Georgia Senator Zell Miller unveiled his plan to revive the Southern Black Belt by proposing a new $100 million agency Wednesday to address poverty in the swath of predominantly black counties.
It's the third different legislative approach by Southern lawmakers, who contend the counties stretching from Texas to Virginia are the last impoverished region that hasn't benefited from a federal agency focused entirely on its needs.
Miller's plan is somewhat less ambitious and less expensive than two already proposed in the House, but he says there is plenty of room for compromise.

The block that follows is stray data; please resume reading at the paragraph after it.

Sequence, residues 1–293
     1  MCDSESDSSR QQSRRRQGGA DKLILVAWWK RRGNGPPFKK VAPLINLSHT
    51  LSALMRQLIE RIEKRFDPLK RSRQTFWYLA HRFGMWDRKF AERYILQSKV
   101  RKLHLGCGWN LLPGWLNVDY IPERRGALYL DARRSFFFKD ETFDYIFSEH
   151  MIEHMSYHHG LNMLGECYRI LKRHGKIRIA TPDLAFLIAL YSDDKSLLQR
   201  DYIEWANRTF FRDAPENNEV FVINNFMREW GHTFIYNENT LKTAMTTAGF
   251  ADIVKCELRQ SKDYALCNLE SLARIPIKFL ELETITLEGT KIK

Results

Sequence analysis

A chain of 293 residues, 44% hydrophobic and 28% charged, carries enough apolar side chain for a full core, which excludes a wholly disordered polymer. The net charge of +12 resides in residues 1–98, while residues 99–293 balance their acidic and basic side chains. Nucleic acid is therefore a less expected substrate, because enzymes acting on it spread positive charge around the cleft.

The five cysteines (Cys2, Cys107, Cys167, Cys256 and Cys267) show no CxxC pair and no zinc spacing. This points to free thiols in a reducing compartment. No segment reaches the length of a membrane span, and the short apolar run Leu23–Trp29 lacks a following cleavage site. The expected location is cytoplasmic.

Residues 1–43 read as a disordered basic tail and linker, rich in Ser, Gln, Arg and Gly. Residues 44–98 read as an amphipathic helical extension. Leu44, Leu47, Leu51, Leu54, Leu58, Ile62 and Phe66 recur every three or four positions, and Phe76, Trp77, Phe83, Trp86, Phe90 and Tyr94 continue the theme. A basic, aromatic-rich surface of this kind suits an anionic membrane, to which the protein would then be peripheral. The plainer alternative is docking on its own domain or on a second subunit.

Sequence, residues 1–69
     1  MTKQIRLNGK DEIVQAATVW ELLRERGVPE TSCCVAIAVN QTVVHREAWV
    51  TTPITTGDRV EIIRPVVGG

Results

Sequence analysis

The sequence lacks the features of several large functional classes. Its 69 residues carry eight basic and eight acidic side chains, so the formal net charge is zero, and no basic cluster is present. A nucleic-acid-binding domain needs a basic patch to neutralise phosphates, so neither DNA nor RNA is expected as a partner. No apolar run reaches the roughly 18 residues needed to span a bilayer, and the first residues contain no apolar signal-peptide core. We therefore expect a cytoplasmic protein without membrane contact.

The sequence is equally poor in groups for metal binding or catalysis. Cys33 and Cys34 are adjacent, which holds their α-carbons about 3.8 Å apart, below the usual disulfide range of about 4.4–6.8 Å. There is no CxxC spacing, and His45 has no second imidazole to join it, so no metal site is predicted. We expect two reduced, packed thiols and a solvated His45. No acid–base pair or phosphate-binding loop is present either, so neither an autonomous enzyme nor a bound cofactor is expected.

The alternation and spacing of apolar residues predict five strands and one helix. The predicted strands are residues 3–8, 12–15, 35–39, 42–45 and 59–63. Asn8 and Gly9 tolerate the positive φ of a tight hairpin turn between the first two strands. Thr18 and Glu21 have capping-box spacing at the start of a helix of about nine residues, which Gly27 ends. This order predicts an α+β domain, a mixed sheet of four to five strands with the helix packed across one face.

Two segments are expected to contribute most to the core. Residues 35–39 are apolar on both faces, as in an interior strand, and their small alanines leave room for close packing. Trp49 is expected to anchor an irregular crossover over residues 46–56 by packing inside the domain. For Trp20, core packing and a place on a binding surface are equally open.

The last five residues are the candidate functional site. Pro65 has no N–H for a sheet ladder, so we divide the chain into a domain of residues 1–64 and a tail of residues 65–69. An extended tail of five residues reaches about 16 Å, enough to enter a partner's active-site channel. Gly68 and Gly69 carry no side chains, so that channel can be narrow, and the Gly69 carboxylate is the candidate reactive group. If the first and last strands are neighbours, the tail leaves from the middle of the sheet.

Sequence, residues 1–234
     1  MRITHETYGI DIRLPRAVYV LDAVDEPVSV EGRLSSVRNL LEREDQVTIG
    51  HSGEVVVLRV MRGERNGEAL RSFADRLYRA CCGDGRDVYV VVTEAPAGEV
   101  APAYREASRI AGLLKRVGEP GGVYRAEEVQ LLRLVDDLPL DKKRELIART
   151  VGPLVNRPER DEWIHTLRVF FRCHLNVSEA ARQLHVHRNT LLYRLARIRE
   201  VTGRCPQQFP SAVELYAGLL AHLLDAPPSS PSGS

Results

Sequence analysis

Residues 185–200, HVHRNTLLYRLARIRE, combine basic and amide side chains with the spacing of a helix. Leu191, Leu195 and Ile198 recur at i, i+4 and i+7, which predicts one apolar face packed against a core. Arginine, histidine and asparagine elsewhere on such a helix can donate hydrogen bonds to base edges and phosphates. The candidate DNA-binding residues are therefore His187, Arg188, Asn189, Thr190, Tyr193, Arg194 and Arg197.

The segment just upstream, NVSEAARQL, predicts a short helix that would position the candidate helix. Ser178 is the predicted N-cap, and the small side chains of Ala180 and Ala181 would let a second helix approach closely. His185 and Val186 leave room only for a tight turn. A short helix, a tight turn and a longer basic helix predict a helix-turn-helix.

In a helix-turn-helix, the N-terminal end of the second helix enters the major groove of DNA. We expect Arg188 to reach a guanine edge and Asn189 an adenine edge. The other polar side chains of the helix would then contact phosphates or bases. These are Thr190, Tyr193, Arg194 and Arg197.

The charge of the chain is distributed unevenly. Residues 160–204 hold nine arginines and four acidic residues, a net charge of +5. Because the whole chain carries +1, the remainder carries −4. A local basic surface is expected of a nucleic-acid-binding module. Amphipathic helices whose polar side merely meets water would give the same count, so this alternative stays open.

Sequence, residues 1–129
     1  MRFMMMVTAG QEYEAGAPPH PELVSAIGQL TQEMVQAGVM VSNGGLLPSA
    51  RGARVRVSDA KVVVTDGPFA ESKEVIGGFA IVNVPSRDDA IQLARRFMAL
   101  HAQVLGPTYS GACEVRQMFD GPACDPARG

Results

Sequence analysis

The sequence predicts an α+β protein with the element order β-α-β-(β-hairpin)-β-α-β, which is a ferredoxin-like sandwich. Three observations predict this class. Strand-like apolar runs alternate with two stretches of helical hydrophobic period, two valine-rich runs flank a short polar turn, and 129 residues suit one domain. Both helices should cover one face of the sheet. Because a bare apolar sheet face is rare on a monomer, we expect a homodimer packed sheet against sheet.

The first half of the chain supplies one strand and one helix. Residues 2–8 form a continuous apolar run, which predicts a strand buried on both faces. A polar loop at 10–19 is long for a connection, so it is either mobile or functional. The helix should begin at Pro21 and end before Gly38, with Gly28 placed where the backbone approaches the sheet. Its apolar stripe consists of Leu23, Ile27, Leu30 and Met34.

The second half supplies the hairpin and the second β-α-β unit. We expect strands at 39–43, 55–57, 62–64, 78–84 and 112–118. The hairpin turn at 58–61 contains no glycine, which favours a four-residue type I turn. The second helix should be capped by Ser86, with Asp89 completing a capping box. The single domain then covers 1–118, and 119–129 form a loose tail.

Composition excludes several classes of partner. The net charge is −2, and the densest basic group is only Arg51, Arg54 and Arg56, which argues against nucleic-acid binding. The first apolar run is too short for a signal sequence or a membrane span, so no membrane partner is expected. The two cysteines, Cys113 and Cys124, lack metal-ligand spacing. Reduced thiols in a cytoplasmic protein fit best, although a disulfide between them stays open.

The Southern Regional Commission, as he calls it, would get $20 million a year for the first five years, about half the amount proposed in a similar effort by North Carolina Rep. Mike McIntyre.
Alabama Rep. Artur Davis, a fellow Democrat, is pushing a nearly $500 million plan to merge the Black Belt counties with the current Delta Regional Authority, which touches some of the territory.
Miller, a former Democratic governor and a native of the north Georgia mountains, said he would meet with the two congressmen soon in hopes of reaching a consensus.
The obstacle will be money, Miller admitted. Lawmakers are trying to keep spending in check to pay for a potential war with Iraq, and it's not clear there will be much interest in a new domestic agency.
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